New Especially Bad Heroin Can Give You an Overdose—or Anthrax

By Andrew Moseman | December 18, 2009 3:35 pm

cocaineCocaine and heroin are generally acknowledged to be fairly dangerous chemicals to put in your body. And that’s not even considering that cocaine could well be tainted with opossum de-worming medication and heroin may be laced with anthrax—that’s right, anthrax.

Yes, it’s been a week of dangerous and deadly adulterants showing up in recreational drugs. DISCOVER actually highlighted the story of the tainted cocaine back in September, when the Drug Enforcement Agency first announced that they had found cocaine tainted with levamisole. The drug is used to treat cancer in humans and as a de-worming agent in livestock, but can have dire effects on the immune system. Just how it got into cocaine nobody knows for sure, though scientists think it may spark a more intense high for users.

Today, the Centers for Disease Control has published a report documenting levamisole in cocaine in four states; the organization found 21 cases and one death. The DEA suggests that nearly 70 percent of cocaine coming into the U.S. contains levamisole, and the CDC acknowledges that there were probably many more illnesses in the states it studied that went unreported, as tends to happen with highly illegal drugs.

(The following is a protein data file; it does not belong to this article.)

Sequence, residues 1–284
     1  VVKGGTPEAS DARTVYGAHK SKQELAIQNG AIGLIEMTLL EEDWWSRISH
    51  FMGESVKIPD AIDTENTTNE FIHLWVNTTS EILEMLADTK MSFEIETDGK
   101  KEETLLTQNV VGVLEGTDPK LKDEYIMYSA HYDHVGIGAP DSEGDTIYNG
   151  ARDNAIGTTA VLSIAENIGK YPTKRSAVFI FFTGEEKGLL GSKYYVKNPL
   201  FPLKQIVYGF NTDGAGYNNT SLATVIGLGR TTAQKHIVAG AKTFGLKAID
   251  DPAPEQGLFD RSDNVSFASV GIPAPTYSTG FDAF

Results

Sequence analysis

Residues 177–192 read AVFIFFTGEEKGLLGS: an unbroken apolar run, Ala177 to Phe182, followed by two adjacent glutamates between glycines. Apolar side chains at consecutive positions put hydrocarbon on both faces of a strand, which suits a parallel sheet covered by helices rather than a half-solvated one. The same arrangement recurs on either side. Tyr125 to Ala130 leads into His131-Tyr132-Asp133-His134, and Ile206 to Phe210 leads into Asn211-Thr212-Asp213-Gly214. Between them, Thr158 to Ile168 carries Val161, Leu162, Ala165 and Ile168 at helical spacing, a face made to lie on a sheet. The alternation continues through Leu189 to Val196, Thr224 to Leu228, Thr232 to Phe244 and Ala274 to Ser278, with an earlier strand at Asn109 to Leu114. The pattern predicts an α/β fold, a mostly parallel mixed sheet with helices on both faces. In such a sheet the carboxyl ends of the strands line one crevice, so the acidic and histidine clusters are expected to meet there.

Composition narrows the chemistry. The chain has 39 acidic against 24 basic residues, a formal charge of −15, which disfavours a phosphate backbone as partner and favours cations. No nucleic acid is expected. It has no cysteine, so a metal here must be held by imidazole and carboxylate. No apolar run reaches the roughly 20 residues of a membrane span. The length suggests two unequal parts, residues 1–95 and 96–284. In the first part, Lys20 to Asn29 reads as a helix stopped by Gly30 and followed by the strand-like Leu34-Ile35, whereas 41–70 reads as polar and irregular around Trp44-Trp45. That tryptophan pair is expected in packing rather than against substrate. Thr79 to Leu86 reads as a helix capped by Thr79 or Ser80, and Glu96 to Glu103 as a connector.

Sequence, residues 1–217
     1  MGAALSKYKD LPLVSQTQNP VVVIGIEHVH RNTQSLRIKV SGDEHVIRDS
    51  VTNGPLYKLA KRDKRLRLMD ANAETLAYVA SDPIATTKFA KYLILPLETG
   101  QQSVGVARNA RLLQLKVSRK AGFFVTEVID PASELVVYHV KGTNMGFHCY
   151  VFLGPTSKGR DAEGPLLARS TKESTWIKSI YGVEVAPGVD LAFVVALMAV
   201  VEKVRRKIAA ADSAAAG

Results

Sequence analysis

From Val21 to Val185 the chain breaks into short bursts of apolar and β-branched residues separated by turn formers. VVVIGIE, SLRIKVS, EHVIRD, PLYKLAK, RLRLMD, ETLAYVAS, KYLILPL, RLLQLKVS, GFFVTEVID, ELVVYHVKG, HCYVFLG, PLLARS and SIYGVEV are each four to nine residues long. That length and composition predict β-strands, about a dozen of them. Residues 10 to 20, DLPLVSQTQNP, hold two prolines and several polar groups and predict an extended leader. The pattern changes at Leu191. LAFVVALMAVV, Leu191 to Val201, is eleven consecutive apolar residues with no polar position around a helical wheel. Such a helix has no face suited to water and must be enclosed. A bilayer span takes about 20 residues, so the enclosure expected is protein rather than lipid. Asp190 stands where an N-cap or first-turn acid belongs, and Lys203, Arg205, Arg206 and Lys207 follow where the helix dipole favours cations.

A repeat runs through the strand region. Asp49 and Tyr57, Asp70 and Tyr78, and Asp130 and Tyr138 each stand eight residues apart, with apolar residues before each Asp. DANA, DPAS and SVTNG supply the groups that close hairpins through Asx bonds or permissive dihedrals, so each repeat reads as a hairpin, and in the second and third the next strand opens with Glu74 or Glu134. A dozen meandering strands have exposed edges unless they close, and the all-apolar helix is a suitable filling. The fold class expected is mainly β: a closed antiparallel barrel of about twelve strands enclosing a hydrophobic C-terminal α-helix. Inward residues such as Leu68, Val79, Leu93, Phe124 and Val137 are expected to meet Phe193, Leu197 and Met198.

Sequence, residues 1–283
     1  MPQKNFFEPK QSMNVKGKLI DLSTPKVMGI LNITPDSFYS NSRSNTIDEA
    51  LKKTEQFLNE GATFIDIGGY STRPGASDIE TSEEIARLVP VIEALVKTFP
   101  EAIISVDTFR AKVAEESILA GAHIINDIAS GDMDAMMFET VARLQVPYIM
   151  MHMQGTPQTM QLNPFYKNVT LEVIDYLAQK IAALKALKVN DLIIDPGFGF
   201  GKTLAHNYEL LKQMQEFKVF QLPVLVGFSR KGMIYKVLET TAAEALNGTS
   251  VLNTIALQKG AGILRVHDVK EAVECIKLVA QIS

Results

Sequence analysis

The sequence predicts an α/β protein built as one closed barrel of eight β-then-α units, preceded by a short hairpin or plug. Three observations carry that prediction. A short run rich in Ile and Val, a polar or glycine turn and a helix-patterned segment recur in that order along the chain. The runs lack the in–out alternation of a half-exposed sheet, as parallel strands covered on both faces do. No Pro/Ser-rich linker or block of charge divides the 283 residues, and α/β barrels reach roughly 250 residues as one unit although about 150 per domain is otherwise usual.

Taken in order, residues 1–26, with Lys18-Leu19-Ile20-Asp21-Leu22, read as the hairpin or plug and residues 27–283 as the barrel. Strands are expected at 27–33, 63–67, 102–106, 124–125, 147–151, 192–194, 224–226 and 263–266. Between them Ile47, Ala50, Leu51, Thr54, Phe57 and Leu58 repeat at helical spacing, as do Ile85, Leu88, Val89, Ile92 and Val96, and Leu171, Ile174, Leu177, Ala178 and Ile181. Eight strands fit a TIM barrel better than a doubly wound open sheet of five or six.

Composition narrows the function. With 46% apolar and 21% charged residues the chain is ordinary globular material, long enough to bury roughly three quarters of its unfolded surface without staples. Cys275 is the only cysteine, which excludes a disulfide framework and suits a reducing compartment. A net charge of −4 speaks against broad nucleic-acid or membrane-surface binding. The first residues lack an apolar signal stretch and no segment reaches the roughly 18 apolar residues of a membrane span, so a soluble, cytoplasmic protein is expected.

Meanwhile, in Scotland, at least two heroin users appear to have died from anthrax. Again, the authorities are trying to get the message out to heroin users through the news media, though they’re not sure exactly how the problem came to be. From The Guardian:

“It’s highly conceivable that it could have been contaminated either from the source in the [heroin's] origin country or it could have been contaminated as a consequence of subsequent cutting when it arrived in this country,” said Dr Colin Ramsay, of Health Protection Scotland.

Related Content:
80beats: One-Third of U.S. Cocaine Tainted with Dangerous Livestock Drug
80beats: Honeybees Get High on Cocaine and Dance, Dance, Dance
80beats: To Help Heroin Addicts, Give Them… Prescription Heroin?

Image: iStockphoto

  • Danlantic

    Crossreference the classic “Eleven Blue Men and Other Narratives of Medical Detection” (1953) by Berton Roueche, specifically the chapter “A pinch of dust”.

    In that the epidemiologists were wondering why have a dozen people in a flophouse all got tetanus. There were common factors of location, race — and heroin addiction. The dealer in the place had gotten a new stash and wanted to cut it using whatever was available including dust from the floor.

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